The ambitious goal of the British communications company OneWeb planning to build high-speed broadband covering the entire Arctic next year cannot be achieved now. The company planned to launch a total of 648 satellites, and declared bankruptcy after launching 74 of the planned satellites.
OneWeb launched its plan in September 2019 to provide reliable, low-latency, high-speed Internet services in the Arctic. It plans to provide communication services with speeds up to 375Gbps for areas above 60 degrees north latitude.
OneWeb originally planned to provide 24-hour high-speed broadband network coverage by 2021. The company explained that it will connect the Internet to 48% of the Arctic Circle, which previously had limited network connectivity or no connectivity at all.
The company launched six satellites in August 2019, then launched 34 satellites in February 2020, and launched another 34 spacecraft on March 21, successfully demonstrating the functionality of the entire system.
However, OneWeb filed for bankruptcy at the end of March after launching its 74th satellite and completing or breaking ground on about half of its 44 ground stations.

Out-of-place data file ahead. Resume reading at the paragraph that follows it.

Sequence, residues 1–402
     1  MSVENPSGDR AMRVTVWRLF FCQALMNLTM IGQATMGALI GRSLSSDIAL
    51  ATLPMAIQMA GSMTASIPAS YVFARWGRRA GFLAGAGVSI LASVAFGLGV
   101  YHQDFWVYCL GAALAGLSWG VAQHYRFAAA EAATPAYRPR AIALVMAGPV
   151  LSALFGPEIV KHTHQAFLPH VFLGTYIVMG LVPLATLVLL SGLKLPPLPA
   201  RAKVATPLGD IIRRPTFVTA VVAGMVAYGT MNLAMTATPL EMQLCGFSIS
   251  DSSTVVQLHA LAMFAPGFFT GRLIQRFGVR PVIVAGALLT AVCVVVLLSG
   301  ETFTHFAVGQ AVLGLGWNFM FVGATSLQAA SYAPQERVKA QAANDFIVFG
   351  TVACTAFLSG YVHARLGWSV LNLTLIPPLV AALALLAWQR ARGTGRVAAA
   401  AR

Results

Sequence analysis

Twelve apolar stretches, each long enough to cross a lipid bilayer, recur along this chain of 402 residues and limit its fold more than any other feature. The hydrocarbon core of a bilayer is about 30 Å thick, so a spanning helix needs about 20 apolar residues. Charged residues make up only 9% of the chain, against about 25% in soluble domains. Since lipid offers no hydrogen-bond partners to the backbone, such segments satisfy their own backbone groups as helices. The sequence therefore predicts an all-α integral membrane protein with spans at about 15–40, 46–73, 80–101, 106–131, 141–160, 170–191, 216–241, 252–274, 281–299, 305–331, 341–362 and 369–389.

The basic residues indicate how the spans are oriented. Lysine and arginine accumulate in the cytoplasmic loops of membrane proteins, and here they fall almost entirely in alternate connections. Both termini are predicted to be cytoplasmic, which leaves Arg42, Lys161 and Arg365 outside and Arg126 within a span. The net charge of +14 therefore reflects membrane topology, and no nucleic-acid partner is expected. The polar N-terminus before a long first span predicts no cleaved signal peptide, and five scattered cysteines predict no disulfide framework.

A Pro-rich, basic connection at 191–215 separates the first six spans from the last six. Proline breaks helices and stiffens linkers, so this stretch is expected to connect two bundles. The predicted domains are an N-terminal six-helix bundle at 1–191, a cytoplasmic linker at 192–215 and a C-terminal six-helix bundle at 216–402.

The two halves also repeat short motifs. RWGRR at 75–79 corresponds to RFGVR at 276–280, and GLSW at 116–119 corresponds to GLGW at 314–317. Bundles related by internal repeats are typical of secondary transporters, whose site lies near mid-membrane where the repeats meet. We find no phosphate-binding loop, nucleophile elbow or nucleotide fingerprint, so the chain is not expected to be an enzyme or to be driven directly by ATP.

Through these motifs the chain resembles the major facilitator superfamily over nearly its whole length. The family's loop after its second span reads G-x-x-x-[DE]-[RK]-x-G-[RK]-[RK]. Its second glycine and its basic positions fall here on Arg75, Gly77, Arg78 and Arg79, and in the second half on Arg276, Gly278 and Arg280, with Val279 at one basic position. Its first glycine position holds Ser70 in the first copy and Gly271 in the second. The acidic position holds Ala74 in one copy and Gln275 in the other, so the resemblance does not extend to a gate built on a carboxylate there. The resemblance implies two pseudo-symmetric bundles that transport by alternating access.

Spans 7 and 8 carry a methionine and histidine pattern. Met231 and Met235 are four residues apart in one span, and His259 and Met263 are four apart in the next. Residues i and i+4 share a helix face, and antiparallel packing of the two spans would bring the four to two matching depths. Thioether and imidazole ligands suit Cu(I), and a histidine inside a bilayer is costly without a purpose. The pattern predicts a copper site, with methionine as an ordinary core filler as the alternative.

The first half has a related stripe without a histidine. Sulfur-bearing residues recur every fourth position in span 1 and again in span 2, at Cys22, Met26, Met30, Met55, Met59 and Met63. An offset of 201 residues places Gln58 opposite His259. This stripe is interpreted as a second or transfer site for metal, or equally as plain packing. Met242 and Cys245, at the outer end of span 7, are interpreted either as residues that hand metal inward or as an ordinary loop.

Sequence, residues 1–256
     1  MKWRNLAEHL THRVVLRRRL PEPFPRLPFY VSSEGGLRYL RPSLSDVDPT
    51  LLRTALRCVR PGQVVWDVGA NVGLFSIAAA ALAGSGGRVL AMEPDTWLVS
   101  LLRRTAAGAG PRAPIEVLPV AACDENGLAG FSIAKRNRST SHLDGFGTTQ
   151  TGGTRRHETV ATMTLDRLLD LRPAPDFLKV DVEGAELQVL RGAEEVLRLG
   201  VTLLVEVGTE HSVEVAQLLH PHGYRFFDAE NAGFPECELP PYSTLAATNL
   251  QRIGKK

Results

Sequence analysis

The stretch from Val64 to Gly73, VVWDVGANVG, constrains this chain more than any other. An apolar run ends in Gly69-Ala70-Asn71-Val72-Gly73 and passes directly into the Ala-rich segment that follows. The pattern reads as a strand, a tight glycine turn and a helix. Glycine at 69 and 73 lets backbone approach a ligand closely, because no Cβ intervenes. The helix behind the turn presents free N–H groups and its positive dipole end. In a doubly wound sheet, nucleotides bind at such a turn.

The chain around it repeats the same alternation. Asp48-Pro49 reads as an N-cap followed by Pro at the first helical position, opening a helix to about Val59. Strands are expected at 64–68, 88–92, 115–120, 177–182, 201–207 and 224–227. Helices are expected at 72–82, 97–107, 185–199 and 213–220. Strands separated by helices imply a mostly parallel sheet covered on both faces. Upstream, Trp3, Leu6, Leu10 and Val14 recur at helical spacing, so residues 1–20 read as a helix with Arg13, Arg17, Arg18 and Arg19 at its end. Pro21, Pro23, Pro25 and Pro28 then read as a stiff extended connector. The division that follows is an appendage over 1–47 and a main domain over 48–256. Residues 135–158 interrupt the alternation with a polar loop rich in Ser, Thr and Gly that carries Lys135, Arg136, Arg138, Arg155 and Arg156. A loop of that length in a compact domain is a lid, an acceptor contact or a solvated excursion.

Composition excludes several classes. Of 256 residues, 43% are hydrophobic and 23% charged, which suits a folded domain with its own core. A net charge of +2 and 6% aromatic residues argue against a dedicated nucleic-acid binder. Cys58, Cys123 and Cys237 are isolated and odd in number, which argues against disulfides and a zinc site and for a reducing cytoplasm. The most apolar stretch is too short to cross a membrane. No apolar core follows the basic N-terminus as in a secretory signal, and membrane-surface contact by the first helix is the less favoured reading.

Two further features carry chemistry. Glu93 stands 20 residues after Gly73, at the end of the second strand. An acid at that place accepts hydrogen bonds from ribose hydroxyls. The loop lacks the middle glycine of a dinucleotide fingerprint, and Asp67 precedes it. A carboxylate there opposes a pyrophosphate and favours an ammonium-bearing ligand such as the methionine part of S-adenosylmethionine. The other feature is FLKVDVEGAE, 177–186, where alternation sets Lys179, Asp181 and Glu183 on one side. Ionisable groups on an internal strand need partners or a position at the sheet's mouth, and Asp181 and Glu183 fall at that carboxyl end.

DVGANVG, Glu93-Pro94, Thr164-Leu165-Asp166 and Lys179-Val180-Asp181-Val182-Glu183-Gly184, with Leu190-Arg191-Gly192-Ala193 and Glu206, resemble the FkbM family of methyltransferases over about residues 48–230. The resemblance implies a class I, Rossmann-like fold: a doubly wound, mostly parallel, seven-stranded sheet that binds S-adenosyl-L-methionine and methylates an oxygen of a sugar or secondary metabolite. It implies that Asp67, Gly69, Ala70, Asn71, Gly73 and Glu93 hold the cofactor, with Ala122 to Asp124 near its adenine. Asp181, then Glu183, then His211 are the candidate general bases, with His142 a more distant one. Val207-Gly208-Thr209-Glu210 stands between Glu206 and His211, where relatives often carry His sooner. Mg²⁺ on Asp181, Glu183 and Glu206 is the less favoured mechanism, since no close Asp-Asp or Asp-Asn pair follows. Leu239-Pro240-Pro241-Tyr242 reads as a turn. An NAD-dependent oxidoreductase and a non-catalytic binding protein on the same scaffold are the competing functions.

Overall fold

OneWeb has been negotiating to ensure that it has received investment to support the project to launch all 648 satellites in the first phase. However, due to the impact of the new coronavirus, the company failed to obtain financing. OneWeb is now selling its business.
It is unclear how or whether OneWeb and the US military will provide satellite-based communications cooperation in the Arctic region. OneWeb announced its cooperation with the US military earlier this year.
"Connectivity is critical to our modern economy." Senator Lisa Murkowski from Alaska, USA, said when the project was first announced to the public in September 2019, "With the Arctic Opening constantly to ensure that people in the Arctic have access to affordable and reliable broadband will make development safer and more sustainable, and create new opportunities for the next generation to play a leading role in this region. "
In addition, the long-term state of the 74 satellites that OneWeb has launched is not stable, and who will ultimately be responsible for these abandoned satellites will cause concern.